This exhibit at the Henry Art Gallery was one of the coolest I have ever been too. It was almost as if if Ann Hamilton was sharing her collection of things she found important to amass for the exhibit. You were allowed to take what you liked.
As far as making your way around, other than the map you were offered, there wasn’t any clear direction. There were your regular signs for the restrooms but that was about the extent of it. It was very “choose-your-own-adventure”. It was explained to us the general idea of the exhibit by tonymyteacher and the Bob, the guy at the front. You could literally take the art off of the wall. The first room had interesting items, and that is where a lot of the class there as well. I walked right to the room that looked like it had something more to offer than a glass case with some text. I went here because I had an idea I was about to get some stuff from the gallery for free! Sorry for the blurry picture, but this what you should walk to first. Here you experience the exhibit at its core. You see the pictures, walk up and feel the paper, you pull it, hear it tear, and you my friends have just experienced something you never had at a museum or gallery in your life, probably. Without getting too philosophical, this place had just more to offer than a regular art of the wall gallery. The pictures, pictures, printed on newspaper, were well thought out and developed. They had content that was interesting and oriented around texture. You could really see the texture and almost feel it. And then you got to rip it down and keep it for as long as you liked.
The second best room to me was the whirlybird room.
Here, you heard and felt the wind rush by your face, heard the noise of these contraptions and wondered what the heck was going on in this room. This place even had blankets in case you got cold, which were sharable and wearable throughout the gallery, provided another texture for you to digest and something to experience. The galley provided comfort as well! I wish they were all this cool. Here you could listen to the repeated, almost soothing sounds of the reincarnation of the bullroarer.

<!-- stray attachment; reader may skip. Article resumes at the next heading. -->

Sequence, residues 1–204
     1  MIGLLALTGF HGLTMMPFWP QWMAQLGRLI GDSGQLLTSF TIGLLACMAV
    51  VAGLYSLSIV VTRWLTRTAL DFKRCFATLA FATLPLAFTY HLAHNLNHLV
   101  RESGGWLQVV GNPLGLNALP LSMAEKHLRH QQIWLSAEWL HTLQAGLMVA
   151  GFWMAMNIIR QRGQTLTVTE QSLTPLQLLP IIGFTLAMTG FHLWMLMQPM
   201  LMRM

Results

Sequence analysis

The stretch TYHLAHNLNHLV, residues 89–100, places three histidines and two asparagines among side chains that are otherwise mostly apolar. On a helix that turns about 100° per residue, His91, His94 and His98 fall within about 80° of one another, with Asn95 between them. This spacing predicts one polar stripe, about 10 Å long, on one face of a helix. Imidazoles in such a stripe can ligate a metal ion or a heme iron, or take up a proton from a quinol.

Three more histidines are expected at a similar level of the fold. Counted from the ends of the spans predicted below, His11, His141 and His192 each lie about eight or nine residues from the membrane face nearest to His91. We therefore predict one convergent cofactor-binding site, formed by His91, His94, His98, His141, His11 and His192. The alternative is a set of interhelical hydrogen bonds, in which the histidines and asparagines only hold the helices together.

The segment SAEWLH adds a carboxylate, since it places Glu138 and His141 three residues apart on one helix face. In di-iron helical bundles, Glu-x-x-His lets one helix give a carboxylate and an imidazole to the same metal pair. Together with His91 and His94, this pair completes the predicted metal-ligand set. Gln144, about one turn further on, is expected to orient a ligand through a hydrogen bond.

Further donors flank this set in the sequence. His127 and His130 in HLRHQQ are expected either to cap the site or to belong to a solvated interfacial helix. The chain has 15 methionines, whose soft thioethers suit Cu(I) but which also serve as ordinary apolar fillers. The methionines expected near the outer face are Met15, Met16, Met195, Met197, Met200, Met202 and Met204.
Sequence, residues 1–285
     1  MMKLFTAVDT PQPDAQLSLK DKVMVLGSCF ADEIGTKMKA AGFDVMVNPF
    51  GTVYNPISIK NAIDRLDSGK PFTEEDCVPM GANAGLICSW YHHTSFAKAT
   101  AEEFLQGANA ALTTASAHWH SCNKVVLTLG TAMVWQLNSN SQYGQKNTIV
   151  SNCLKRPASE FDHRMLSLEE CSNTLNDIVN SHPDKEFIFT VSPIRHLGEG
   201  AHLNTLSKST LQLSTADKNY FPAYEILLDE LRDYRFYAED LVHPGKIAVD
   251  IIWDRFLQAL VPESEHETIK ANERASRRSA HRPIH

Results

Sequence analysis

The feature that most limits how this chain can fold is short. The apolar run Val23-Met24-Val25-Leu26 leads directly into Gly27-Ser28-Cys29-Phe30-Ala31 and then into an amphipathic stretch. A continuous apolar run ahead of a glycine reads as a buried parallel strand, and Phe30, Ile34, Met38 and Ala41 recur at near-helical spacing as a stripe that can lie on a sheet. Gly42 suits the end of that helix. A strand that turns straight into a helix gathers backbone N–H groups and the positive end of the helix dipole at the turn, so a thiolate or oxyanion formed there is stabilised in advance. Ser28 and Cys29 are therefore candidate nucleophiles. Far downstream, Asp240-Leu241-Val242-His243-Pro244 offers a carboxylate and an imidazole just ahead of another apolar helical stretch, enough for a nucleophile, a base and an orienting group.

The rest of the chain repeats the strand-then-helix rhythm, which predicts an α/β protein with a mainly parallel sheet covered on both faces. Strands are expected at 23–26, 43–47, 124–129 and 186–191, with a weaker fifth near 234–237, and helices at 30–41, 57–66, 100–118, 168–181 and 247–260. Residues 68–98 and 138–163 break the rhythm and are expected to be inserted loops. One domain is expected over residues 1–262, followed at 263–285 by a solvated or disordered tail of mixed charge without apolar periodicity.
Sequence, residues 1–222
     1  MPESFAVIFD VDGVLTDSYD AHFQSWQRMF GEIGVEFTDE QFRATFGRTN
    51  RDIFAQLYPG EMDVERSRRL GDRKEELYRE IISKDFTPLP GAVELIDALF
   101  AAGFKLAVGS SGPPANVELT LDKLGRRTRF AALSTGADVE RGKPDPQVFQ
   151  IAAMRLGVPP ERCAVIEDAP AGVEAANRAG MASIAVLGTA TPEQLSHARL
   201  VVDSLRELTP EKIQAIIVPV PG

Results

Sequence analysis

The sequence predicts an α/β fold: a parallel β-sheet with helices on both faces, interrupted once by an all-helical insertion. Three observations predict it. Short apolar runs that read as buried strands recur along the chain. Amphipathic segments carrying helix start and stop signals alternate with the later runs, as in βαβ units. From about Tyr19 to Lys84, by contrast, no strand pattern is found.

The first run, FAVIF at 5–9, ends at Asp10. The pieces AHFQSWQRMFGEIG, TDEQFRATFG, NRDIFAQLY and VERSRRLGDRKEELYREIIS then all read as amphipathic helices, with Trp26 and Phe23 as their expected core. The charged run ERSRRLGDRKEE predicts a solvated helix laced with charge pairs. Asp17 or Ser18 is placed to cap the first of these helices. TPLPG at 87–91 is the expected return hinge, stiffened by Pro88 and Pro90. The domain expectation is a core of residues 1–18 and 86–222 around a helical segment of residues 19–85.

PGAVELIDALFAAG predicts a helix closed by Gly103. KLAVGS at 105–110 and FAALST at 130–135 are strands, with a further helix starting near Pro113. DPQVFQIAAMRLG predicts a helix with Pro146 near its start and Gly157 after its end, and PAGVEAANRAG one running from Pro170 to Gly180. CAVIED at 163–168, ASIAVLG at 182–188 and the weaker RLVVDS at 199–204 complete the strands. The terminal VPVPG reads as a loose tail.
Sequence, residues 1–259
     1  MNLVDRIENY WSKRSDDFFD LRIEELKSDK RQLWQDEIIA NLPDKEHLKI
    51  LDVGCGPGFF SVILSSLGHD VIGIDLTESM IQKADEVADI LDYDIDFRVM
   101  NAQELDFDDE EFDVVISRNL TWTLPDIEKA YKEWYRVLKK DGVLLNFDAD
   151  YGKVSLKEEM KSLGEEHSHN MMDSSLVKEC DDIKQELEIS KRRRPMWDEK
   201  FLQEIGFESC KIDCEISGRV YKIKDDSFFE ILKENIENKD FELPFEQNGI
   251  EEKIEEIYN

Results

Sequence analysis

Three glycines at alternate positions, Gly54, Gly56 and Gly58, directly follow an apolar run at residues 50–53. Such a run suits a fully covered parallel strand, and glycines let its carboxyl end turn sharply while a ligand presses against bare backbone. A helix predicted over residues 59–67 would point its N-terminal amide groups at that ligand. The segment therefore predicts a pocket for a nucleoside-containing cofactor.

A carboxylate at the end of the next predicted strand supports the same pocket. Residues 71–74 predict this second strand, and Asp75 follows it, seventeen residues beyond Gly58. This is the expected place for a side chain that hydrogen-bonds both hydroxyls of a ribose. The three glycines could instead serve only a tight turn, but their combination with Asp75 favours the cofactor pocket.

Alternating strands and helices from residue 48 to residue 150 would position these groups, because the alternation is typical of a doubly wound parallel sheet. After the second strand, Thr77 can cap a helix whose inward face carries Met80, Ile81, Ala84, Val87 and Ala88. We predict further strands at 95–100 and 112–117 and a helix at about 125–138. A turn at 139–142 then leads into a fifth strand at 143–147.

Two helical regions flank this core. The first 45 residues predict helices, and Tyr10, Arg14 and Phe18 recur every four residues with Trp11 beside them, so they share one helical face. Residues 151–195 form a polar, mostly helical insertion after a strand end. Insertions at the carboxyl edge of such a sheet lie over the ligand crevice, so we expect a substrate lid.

This room is a piece inspired by these ancient instruments once used from Greece to Australia.
“The duration of ascent to descent, controlled by a computer program, moves the circling arms in concert with each other or alone, its deep tonal drone evoking a buzzing hive, a flock of birds, a micro-community of individual organisms operating together.” – Ann Hamilton
One of the few descriptions that naturally looked like an explination. Sort of wayfinding by association of similar layouts encountered by most people most often. The most common design associated with instructions if that makes more sense.
So to really understand the place, you have to go. Look at everything and just accept the fact that it is totally against most of what you have been told about galleries.
As for way finding, the app I am currently working on is above this. Not final, more of a first layout with tweaks inevitable. But the most important thing for this app, which is a skatepark locator for the state of Washington, relies heavily on way finding. I think about all of the times I was looking for a skatepark, and narrowed down how the app should be laid out.
It will use your location if you choose, to display how far the closest skatepark is from your current location. Or you can search by region, which will be a map with a feature to darken when tapping the region. The primary information will include an icon associated with distance and location, with a link to google maps for directions. The importance of way finding is an important aspect to consider when putting most things together, whether its judging by how a person will navigate through an app with their brains and hands, or looking at a certain piece of art and finding a path to follow with their eyes in the art.